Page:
While the tight, focused, near-telepathic interplay throughout Just Like This is at least partly due to familiarity and experience, Jackson's compositional modus operandi also includes tailor-made solo spaces and lead passages written specifically for certain members of the band. Duke Ellington used to do this, and it's a strategy that pays off handsomely in the post-Ayler jazz paradigm as well. Jackson's poly-stylistic compositional approach has room for hard-charging free-bop, harmonically vague Gil Evans-inspired atmospherics, monumental Bob Graettinger-like themes, squalling avant-jazz soliloquies, and post-everything non-idiomatic free improvisation. Jackson is especially fond of unlikely juxtapositions, a gambit he turns to repeatedly throughout this excellent CD. The opening track, 'Dragon Fly' is a case in point - this piece starts off with a very abstract improv duet between the two trombonists, Jeb Bishop and Nick Broste. Out of nowhere, the ensemble jumps in with a gritty, swaggering, crime-jazz theme which gives way to a double-time passage featuring a twittering, nervous solo by flügelhornist Jaimie Branch over ultra-cool walking bass and drums. After a return to the theme, bass clarinetist Jason Stein (a real find!) and cornetist Josh Berman solo eloquently over the same infectious groove.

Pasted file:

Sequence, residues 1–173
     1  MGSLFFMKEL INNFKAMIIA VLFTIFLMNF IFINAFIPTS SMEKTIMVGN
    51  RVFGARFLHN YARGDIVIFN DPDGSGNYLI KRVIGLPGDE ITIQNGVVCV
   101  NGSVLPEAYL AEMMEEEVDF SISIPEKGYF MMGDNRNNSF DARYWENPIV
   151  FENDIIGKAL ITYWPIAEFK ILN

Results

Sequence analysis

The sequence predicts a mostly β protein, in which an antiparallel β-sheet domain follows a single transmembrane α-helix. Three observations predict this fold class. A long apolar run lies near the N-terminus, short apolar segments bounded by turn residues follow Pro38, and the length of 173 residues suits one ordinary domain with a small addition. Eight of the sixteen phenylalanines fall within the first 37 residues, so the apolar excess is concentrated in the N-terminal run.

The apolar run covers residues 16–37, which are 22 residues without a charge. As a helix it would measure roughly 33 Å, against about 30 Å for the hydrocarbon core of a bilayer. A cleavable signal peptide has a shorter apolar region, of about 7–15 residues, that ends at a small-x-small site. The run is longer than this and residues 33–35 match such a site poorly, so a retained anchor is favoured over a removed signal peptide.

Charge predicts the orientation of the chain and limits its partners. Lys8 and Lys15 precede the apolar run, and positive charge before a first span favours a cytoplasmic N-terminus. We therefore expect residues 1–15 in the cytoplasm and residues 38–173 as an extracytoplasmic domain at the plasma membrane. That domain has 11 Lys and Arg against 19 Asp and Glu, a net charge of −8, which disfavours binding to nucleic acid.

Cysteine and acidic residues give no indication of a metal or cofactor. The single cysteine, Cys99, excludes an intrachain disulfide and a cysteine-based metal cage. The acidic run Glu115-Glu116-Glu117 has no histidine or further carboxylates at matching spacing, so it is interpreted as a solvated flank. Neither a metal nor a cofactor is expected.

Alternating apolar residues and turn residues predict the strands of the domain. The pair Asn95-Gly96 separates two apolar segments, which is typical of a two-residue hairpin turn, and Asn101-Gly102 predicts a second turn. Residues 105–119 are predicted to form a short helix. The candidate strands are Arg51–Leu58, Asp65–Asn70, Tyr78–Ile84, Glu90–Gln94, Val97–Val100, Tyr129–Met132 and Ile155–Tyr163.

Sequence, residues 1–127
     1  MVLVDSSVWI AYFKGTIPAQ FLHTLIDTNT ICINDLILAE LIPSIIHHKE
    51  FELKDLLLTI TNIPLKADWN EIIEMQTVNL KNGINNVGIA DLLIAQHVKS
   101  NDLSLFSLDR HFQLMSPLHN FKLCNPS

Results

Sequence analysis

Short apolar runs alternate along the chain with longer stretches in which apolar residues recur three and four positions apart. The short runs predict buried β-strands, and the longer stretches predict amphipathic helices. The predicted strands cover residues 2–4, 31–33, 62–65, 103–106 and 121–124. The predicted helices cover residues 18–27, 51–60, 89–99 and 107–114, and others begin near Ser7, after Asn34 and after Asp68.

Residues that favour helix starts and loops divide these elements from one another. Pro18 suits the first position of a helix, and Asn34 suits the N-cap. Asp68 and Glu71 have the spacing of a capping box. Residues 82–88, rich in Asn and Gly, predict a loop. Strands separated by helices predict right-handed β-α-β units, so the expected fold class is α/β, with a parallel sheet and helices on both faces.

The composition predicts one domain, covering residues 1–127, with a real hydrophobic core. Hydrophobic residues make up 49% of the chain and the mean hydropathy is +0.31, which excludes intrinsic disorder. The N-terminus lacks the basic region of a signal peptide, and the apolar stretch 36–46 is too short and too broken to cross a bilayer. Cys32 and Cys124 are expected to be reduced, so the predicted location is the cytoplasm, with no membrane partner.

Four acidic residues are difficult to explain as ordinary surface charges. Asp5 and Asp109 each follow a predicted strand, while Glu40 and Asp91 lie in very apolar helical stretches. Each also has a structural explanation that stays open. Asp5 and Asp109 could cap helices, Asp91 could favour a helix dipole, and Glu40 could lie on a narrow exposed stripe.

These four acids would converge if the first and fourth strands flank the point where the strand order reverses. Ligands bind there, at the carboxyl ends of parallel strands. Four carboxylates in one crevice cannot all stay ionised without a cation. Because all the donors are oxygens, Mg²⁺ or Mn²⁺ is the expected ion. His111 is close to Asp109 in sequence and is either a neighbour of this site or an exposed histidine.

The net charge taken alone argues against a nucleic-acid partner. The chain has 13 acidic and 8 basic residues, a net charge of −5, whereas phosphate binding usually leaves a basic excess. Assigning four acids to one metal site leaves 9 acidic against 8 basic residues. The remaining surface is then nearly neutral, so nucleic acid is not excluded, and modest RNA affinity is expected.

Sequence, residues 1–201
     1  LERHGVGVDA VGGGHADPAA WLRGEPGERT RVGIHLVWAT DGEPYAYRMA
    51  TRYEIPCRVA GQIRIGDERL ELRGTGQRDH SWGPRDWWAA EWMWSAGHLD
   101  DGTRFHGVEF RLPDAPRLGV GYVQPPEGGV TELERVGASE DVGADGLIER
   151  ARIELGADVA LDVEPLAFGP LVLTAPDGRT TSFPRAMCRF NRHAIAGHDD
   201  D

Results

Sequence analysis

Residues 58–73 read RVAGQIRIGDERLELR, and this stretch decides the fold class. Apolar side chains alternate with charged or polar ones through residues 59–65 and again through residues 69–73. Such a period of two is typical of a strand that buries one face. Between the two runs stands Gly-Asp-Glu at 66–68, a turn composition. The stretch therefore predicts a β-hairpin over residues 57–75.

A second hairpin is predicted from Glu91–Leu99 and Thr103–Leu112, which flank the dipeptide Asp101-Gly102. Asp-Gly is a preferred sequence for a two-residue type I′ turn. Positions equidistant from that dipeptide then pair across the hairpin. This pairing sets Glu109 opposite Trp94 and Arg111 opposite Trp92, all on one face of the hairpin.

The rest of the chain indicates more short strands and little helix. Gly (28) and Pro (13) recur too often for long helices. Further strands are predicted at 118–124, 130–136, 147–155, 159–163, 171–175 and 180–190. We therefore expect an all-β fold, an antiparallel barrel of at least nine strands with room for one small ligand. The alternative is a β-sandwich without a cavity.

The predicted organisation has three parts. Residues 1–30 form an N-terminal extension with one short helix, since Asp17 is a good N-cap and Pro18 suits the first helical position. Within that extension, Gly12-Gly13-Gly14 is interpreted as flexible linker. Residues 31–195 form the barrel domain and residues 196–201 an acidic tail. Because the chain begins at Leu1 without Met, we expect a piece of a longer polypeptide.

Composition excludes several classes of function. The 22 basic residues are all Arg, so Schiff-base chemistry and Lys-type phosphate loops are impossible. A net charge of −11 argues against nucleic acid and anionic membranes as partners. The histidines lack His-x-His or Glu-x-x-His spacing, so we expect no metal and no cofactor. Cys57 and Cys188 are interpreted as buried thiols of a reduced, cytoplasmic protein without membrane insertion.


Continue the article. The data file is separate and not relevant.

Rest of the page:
This motif of alternating tonal ensemble themes and abstract solo / duo improvisation is used throughout Just Like This, though at the climax of 'The Grass Is Greener', the two worlds collide and Bishop chips in a wonderful solo over Jackson's anthemic ensemble chart. The opening ensemble section of 'Titled' is lush, somewhat mysterious-sounding, and seems to evoke the spirit of Gil Evans or John Carisi. The ensuing solo, duo, and trio improvisations go further and further out until the reeds and brass bleed back in, playing long pianissimo held notes behind Frank Rosaly's thoughtful tom-tom-centric drum solo. My favorite piece is the hard-driving, Mingus-like title track. It starts off with a lengthy multi-sectioned set of themes that eventually gives way to another ultra-swinging groove and a generously proportioned, wonderfully eloquent solo by Jackson, followed in similar manner by Branch and Falzone. Rosaly's 'Wind Up Toy' is also a groove-driven piece, replete with off-the-wall harmonies, seamless tempo modulations, super-sharp ensemble work, and more great solos by Jackson, Falzone and Berman.
The rest of Just Like This is equally distinctive, inspired, and interesting, especially the incendiary duet between drummer Rosaly and Dave Rempis (playing baritone sax) on 'Which Well'.